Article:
10 gallon Metaframe with cracked slate - The Planted Tank Forum
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post #1 of 25 (permalink) Old 08-01-2015, 12:52 AM Thread Starter
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10 gallon Metaframe with cracked slate

I found the tank on a former neighbor's curb. Not holding the same view that this was trash, I took it home. It's been sitting in my shed for quite a while and I finally got around to taking a good look at it today. It appears to have been used to house a hamster or gerbil, which may not be a problem, but there's also a crack in the slate bottom that runs from front to back. A water test shows that it's a very slow leak. Do you think running silicone along the crack would prevent it from leaking? I'd really like to use this tank.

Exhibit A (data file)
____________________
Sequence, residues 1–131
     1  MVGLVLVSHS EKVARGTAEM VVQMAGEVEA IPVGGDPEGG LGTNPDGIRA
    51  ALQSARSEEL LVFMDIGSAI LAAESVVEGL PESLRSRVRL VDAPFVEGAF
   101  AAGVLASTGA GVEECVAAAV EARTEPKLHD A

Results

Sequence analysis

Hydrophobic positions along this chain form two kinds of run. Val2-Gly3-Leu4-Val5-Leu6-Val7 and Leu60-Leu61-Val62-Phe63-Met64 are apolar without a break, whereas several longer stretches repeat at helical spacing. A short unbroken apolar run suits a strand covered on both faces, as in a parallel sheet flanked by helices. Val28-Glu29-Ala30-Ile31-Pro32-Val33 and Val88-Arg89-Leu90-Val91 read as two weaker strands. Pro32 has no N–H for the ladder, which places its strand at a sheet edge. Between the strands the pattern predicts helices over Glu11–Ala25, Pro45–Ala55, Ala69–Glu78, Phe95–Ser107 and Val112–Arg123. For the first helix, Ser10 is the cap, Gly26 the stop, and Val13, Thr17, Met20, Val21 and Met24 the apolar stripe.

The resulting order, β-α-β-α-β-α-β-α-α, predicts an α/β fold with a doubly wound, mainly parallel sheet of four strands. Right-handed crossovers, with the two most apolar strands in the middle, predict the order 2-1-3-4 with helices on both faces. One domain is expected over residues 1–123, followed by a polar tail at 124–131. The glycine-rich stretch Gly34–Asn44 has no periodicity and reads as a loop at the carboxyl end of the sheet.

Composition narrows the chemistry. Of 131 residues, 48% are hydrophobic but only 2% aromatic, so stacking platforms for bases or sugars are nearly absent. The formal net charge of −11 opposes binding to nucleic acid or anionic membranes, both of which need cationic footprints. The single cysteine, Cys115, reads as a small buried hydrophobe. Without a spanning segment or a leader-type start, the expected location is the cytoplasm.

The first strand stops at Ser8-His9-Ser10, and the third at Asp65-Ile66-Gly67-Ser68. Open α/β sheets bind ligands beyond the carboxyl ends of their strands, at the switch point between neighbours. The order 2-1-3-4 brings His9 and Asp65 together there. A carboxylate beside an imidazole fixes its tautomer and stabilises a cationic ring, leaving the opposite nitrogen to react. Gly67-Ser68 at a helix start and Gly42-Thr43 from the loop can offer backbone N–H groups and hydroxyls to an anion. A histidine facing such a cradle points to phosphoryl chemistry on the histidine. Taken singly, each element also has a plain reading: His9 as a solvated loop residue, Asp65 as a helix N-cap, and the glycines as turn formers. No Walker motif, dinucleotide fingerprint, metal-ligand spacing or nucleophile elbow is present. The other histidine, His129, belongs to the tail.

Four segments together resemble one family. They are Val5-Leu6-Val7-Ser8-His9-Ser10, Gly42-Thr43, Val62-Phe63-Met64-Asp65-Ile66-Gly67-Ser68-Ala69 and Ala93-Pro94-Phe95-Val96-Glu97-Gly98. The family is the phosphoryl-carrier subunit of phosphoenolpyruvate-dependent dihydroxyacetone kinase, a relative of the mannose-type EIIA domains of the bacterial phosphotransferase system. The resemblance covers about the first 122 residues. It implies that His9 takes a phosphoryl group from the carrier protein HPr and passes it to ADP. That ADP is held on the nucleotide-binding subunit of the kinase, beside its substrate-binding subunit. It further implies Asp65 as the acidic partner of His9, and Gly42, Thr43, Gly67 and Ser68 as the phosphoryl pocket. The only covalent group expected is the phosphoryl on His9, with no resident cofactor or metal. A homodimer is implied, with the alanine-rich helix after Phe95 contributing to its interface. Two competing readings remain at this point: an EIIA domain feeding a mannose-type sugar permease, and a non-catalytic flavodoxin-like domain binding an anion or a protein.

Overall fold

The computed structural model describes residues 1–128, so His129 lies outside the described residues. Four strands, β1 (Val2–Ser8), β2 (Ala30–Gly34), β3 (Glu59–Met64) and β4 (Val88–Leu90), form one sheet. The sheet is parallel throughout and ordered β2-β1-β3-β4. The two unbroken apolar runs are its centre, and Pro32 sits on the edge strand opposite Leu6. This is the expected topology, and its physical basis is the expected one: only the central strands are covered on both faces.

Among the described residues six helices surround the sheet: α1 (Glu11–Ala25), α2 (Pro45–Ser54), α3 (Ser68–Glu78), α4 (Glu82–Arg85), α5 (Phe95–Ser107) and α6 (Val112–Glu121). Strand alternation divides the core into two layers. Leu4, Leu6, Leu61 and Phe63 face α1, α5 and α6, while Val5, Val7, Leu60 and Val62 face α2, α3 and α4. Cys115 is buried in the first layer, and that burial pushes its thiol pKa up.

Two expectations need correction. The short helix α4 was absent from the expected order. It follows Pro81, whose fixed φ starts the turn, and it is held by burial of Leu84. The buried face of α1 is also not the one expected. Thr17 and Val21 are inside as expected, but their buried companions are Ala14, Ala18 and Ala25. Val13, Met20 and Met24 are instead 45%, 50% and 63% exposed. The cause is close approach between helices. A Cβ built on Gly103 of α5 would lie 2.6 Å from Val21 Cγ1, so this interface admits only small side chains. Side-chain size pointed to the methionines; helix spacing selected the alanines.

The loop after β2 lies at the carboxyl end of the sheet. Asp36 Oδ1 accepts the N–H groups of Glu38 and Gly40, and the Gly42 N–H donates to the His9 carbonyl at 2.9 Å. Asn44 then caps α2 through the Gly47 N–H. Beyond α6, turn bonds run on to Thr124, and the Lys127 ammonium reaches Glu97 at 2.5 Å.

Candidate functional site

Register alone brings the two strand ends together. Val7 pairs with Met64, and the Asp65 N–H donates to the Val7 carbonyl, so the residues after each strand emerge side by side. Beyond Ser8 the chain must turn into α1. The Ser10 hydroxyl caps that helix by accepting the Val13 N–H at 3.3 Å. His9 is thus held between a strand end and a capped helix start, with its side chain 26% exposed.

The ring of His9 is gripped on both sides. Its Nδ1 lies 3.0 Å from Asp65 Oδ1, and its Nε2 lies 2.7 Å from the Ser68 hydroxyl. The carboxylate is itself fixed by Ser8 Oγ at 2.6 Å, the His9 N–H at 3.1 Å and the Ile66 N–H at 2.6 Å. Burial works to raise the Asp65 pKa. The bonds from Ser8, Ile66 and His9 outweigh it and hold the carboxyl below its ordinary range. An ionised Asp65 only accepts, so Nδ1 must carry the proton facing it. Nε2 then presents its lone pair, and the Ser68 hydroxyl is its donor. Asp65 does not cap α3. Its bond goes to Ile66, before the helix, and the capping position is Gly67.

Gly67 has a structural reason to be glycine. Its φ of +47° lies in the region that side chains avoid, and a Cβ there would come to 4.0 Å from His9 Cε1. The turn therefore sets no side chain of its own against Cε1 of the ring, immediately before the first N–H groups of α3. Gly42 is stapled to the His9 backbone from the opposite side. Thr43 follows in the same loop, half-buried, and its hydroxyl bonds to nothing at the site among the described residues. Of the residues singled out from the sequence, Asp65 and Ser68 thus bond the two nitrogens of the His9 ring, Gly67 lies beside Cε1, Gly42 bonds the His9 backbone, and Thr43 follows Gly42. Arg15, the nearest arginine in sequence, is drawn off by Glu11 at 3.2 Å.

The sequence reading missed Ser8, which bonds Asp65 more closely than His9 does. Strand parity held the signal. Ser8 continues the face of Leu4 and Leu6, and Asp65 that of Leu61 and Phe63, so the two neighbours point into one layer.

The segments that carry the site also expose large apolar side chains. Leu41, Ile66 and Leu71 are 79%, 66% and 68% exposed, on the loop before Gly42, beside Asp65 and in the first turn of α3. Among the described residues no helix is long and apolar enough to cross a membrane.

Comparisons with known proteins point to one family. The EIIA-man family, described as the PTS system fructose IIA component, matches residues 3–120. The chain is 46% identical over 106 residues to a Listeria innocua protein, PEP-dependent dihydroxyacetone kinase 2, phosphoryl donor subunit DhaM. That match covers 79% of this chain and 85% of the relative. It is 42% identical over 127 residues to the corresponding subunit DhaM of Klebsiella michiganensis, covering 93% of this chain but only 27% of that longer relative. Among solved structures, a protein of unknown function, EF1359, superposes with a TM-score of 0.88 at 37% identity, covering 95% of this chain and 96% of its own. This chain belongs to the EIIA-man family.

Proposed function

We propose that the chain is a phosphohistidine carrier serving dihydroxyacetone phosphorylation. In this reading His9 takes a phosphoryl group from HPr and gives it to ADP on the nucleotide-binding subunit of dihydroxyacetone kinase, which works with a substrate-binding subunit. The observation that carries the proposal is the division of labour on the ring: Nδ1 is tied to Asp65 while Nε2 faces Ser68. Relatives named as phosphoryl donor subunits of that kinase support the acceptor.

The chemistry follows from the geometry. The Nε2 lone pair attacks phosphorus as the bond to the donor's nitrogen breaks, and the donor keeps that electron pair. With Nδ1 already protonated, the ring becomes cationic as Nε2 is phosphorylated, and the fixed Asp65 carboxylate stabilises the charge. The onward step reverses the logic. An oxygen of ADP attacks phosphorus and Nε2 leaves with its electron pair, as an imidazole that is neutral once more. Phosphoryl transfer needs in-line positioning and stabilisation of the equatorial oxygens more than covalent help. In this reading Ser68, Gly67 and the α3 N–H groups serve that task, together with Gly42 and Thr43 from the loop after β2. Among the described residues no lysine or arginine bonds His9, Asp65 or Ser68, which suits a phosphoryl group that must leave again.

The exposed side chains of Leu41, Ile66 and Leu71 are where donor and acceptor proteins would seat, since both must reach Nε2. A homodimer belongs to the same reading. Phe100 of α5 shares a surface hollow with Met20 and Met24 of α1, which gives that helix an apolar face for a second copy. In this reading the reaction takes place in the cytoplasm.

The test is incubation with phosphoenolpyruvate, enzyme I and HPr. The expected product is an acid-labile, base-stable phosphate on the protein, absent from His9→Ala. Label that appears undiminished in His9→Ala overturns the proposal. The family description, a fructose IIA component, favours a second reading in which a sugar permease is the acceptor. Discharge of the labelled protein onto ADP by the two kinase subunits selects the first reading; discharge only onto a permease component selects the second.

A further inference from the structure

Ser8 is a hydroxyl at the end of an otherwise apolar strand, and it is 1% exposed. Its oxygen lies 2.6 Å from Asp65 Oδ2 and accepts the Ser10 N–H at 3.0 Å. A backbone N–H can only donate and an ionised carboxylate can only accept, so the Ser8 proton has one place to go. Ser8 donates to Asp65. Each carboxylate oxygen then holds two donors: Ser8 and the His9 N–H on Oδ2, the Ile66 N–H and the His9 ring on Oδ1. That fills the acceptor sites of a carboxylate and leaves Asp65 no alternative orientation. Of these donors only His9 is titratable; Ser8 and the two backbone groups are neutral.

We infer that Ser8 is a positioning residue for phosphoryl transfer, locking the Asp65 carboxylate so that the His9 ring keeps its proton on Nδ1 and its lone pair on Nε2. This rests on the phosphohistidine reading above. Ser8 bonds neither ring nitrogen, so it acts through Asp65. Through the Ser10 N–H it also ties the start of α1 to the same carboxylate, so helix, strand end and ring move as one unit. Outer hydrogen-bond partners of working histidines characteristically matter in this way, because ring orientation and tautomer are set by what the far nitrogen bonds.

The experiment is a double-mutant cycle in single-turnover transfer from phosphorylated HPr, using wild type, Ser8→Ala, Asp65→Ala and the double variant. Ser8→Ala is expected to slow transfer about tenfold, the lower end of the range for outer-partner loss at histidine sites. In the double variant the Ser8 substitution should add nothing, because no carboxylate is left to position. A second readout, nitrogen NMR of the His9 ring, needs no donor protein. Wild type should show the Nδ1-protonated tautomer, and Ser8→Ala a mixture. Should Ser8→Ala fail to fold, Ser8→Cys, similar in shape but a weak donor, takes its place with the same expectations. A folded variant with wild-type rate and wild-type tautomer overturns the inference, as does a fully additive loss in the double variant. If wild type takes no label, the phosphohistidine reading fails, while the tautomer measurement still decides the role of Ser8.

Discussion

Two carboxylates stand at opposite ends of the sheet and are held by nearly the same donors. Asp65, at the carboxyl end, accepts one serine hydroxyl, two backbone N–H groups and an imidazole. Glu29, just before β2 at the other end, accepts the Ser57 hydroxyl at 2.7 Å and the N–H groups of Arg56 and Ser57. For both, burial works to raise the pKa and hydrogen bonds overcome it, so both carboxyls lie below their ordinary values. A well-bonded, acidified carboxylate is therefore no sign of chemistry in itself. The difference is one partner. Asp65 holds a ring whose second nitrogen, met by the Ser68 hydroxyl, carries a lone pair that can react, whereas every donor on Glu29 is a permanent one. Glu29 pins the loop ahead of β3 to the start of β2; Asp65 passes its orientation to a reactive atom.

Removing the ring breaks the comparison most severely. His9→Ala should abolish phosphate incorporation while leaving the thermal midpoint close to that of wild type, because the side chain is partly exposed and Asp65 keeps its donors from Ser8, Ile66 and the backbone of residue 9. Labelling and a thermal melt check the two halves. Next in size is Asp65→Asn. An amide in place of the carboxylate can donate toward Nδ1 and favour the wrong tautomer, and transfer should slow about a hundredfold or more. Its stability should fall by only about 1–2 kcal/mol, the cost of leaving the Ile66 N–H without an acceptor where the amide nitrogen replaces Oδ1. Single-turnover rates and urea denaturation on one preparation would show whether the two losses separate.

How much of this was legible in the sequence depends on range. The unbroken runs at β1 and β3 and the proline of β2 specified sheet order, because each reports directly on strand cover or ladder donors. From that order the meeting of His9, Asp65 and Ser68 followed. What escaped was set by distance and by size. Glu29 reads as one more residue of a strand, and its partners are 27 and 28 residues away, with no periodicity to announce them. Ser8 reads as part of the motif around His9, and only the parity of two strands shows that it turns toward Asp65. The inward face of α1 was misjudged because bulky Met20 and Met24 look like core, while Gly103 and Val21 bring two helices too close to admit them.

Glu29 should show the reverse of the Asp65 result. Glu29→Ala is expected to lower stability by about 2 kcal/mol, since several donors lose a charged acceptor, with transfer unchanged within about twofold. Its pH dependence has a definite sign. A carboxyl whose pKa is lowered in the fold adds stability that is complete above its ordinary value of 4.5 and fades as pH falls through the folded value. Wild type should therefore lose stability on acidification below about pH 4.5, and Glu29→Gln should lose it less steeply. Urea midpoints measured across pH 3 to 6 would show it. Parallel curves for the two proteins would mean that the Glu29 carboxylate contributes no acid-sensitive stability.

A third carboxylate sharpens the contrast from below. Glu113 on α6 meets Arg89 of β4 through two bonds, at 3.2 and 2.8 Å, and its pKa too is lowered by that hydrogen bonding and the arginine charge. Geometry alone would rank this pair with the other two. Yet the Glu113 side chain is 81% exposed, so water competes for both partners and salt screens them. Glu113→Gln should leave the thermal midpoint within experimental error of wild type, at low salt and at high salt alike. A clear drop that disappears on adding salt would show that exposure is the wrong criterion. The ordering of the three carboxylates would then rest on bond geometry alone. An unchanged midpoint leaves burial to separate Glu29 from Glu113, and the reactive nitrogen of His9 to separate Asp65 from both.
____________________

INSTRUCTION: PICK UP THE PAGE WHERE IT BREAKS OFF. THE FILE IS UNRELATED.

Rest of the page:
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post #2 of 25 (permalink) Old 08-01-2015, 02:37 AM
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If the slate is clean it would work.
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post #3 of 25 (permalink) Old 08-01-2015, 04:26 AM Thread Starter
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Thanks. I guess I have nothing to lose by trying it. The tank will probably need to be completely resiliconed anyway.
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post #4 of 25 (permalink) Old 08-01-2015, 05:30 AM
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If u don't mind iv got a question.
What kinda silicone would u use? 100% silicone?

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post #5 of 25 (permalink) Old 08-01-2015, 12:02 PM